- trivial example - a scalpel handle - mentions the need to check materials and the risk of cutting yourself :)
So we’re imagining a world where our open hardware platforms evolve to have a lot more info in them - more about testing, more about risk. And where they support more collaboration too - maybe sharing test processes, sharing test results, to explain when this item is good enough (and when it’s not)
thingiverse is our go to platform today, but this otoscope needed structured documentation which we put on appropedia This otoscope - actually a really nice example, we remixed a design from appropedia, worked with clinicians to make it better, and it’s actually been found and made by others, in Gaza, and we’re getting improvements back from them
there’s lots of info here, and there’s even a rating as “prototyped” in Open Source Appropriate technology terms. But there’s a way to go. Appropedia is a wiki; version control of design files would be good too. because sometimes you might want to know a specific version + instructions are 100% good.
this is the Oxfam bucket, renowned in the humanitarian sector, you can see a lot of thought has gone into making this a safe reliable bucket. We can imagine Oxfam certifying a specific design and manufacturing process as delivering a bucket that meets their particular specification (they actually do that now, but it’s for a factory somewhere else)
So - how can an authorised body mark a specific version of a design as safe and approved in a design sharing platform? What do traditional, factory tested or audited standards look like in a hyperlocal manufacturing context? Just because people are in great need doesn’t mean they don’t deserve a safe, good quality item.
So we’ve got our certified design for a bucket. do you trust just anyone to make it correctly? Or maybe you want only authorised makers who you know are qualified and capable? You don’t want someone getting a bucket that looks like the proper one but actually isn’t because it wasn’t made right. can the maker prove they carried out the required tests? if you are making safety critical supplies it’s an issue.
And if someone get an item that breaks or causes harm in some way, who is liable? is it the maker, the tester, the designer, the funder? this matters when you think about aid supplies that might be purchased by a big NGO or agency, the sort of organisation that has funds and huge reach to refugee camps and disaster responses, but also expects to have a clear picture of legal stuff like who is responsible and liable for what.
we don’t have answers to all these questions yet. our use case - distributed manufacturing, at a hyperlocal scale, of open hardware which may be used in life saving or life preserving contexts, is new What processes do we need for local manufacturing to provide good quality items? Where things could go wrong, what happens? but there’s huge potential - to get millions of people access to items they need when and where they need them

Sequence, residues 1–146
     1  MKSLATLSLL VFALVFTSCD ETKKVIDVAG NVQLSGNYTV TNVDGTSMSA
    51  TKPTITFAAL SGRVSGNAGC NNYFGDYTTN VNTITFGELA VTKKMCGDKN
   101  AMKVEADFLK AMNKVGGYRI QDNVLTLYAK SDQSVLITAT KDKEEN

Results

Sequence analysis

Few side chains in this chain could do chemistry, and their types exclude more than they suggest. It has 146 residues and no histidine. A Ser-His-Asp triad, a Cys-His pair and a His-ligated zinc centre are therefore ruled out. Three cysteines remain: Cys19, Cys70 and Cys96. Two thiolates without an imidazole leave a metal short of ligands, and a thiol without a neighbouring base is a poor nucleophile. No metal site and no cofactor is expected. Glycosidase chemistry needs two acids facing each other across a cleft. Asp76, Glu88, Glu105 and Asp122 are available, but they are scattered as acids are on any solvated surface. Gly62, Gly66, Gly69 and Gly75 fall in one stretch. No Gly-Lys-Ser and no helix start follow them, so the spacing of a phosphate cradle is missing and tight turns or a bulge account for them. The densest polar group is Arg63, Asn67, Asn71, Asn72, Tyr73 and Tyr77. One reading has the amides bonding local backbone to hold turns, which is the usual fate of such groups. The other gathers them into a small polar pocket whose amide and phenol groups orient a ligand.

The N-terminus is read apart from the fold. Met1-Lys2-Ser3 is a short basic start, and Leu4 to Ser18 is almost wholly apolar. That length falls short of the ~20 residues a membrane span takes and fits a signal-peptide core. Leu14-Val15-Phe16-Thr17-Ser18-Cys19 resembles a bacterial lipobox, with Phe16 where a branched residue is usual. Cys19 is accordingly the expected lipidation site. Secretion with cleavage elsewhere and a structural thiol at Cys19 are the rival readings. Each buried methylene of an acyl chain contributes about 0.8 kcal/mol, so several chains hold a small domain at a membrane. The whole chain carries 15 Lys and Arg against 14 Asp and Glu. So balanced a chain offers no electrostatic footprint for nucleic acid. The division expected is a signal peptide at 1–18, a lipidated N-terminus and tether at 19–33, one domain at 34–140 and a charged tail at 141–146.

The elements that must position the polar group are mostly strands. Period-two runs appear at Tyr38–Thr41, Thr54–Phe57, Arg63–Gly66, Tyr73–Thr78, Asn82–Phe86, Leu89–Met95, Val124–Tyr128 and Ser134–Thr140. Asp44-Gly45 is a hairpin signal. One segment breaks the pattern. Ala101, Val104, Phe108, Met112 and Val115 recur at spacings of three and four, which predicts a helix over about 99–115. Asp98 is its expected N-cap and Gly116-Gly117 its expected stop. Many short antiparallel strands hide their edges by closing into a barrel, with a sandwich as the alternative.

So we’re bringing together humanitarians and engineers and designers, to have real impact. Finding ways to talk about quality and risks and standards creating new ways to test designs and manufacturing methods
i’d love to see us sharing the load of risk assessments too - helping each other spot opportunities for better, safer and more reliable practices. With more eyes, all bugs are shallow folks in the field, working in disaster response and in recovery and reconstruction, need your help to ensure they’ve got the tools and information they need
Next time you’re looking for a project, instead of starting a new design that will take ages to finish, think how you could make a real difference by testing, evaluating or helping document an existing project - a bitesize contribution to a global challenge
let’s make testing stuff cool. We celebrate inventors a lot. we should celebrate the contributions of folks who are testing and documenting too. There’s going to be a lot of testing and documentation to get open hardware designs which can be made locally for the numerous non food items people in crisis require. and we need to talk about standards too.
we want to deliver the power of local manufacturing of open hardware to the millions of people around the world who need it most. To give them the supplies they need, more people need to be able to make good quality stuff reliably and safely, even if they don’t have the ideal skills or materials or equipment. We can all help with this.
Open hardware summit 2017: open hardware for humanitarian aid
in humanitarian aid
Laura James @LaurieJ @FldRdy
what do you think about
when you think about
in every humanitarian crisis,
people have what they need,
where they need it,
when they need it
when they need it
when they need it
when they need it
of open hardware for critical needs
means we need new thinking
about safety standards, certifications
and ways to demonstrate
quality and reliability
quality and reliability
quality and reliability
open docsopen risk
open docsopen risk